Emporia, Kansas, is hot today. The mostly brick and concrete downtown is a throwback to 1953. The weather feels like I’ve just jumped rope in the attic.
I am sitting on a bench, counting cars, eating soft serve ice cream.
I’ve lost count.
I remember my redheaded father bringing me to Emporia as a kid when he had errands to run. I had to hold his hand when we’d cross the street. He’d waltz into a hardware store, and talk to the old men behind store counters.
The old timers all talked the same—they added “now” to the ends of their sentences.
“Okay, now,” an old man might’ve said, messing up my ugly red hair. “Be a good boy, now. Listen to your daddy, now. Hear me, now?”
“Bye, now,” would be the typical farewell greeting.
And my father would always return their goodbyes with: “Alright, then.”
My father could make conversation with a fire hydrant. He was especially chatty with total strangers. And they would usually open right up to him. I don’t know how he did it.
Maybe it was his red hair that made him so easy to talk to.
A green Chevy truck pulls to the curb. A teenage boy leaps from the driver’s seat. The boy is all business. He helps an elderly couple from the vehicle.
The old man wears a camouflage ball cap. He can’t seem to move one side of his body. A stroke, I’m thinking.
The old woman’s silver hair is in a tight bun. She is every farmer’s wife since the Eisenhower Administration.
Together, they all hobble across the street in a three-person clot. The teenager supports them both with lanky arms.
The boy is moving nice and easy, making sure they don’t trip.
They are only inside the store for a few minutes. Then, they exit. The old man holds the boy, dragging a foot on the pavement. The old woman is sipping Coca-Cola from a bottle.
They cross the street again.
And I am Joe Social today, for some reason. I haven’t always been as chatty as I am now, but this town does something to me. Or maybe it’s my hair.
The old man is talkative even though he can’t move his face. He speaks in moans I can’t understand.
“He’s telling you that it’s unusually hot outside.”
“You can say that again,” I tell him.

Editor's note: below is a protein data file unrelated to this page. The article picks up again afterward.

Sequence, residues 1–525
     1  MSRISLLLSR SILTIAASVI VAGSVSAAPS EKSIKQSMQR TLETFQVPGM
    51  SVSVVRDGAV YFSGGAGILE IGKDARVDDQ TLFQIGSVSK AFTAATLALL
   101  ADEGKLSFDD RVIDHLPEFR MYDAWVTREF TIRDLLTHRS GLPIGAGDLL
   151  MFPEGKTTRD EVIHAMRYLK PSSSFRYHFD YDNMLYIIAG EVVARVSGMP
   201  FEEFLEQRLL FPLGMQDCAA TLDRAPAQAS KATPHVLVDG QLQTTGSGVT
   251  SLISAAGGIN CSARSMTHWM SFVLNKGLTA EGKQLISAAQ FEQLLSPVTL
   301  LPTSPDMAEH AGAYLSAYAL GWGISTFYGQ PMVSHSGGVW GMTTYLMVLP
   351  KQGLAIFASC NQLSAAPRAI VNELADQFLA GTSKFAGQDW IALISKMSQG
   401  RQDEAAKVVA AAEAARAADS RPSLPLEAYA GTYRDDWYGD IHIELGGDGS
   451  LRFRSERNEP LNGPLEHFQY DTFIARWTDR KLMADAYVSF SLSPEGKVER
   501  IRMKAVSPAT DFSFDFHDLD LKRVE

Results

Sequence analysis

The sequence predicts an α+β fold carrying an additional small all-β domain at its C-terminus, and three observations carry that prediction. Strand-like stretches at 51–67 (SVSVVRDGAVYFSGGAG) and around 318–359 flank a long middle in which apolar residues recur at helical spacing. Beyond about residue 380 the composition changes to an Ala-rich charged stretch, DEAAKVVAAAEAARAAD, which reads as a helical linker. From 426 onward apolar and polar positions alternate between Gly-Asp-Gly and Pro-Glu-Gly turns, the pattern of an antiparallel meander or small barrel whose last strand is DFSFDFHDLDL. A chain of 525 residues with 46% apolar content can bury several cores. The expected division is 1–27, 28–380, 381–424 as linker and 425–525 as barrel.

The old man laughs. His face contorts. His happy, grunting voice is pure music. And our conversation begins.
Granny says they live in the country. Their entire lives have been spent filling silos, raising cattle, and attending church four nights per week. Now they’re too old to do much more than an occasional Sunday service.
The boy is their grandson.
“He takes good care of us,” Granny says.
Grandson blushes. He is about sixteen. Tall, lanky, boots, belt buckle. Granny kisses him on the lips. He blushes even harder.
I don’t get to hear their whole story, but she tells me a few pieces of it.
They inherited their grandson during their elderly years, after the boy’s parents divorced. Drugs were implicated. When the child was two, he was found alone in an empty house near Topeka, he’d been there for a week.
So, during the sunset of their lives, they welcomed a two-year-old into their home. They fought off old age for as long as they could and guided a boy into a manhood.
And that’s about all she tells me because it’s time for them to leave. They’ve got a lot of errands today.
The boy helps his grandfather into the truck. The old woman stands on the curb, watching.
In the truck window, I see the boy buckle the old man‘s seatbelt. The old man rests his head onto the boy’s shoulder for a moment. Then, the boy kisses his grandfather’s forehead.
If there is a sight more holy in this world, I’ve yet to see it.
Before the old woman steps into the vehicle, she looks at me and says: “Take care, now.”
“Alright then,” I say.
The truck rolls away. And I’m glad I have red hair.